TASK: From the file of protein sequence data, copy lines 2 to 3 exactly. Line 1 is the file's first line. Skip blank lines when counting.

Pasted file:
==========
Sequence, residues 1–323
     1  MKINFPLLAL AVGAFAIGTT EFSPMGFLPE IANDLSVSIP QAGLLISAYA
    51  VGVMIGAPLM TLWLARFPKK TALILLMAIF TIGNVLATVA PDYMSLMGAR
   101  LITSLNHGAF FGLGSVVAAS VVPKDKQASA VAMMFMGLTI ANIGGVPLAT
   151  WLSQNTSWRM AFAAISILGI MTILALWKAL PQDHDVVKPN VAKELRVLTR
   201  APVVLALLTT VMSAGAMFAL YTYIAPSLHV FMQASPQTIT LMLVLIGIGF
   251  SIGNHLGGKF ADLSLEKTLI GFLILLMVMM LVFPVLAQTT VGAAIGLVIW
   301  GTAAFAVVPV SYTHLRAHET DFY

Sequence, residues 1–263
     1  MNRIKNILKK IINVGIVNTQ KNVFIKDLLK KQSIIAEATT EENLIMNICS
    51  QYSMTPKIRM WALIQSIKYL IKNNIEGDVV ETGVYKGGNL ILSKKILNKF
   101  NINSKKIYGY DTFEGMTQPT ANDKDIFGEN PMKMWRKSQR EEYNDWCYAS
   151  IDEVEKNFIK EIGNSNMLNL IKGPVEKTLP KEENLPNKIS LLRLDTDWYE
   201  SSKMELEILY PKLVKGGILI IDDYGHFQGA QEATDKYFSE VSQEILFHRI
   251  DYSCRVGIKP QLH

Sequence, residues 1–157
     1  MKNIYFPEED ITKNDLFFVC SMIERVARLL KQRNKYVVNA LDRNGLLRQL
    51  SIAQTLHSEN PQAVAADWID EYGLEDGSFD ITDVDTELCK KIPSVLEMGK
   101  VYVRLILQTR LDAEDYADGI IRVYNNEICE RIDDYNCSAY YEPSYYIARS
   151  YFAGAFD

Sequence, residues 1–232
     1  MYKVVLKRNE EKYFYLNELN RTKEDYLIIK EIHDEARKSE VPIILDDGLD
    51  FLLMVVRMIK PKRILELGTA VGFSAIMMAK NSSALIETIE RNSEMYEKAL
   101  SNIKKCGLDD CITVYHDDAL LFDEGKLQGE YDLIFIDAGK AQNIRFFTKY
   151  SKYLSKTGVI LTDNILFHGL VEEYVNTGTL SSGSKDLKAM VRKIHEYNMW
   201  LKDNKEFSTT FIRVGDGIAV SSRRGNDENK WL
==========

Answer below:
     1  MKINFPLLAL AVGAFAIGTT EFSPMGFLPE IANDLSVSIP QAGLLISAYA
    51  VGVMIGAPLM TLWLARFPKK TALILLMAIF TIGNVLATVA PDYMSLMGAR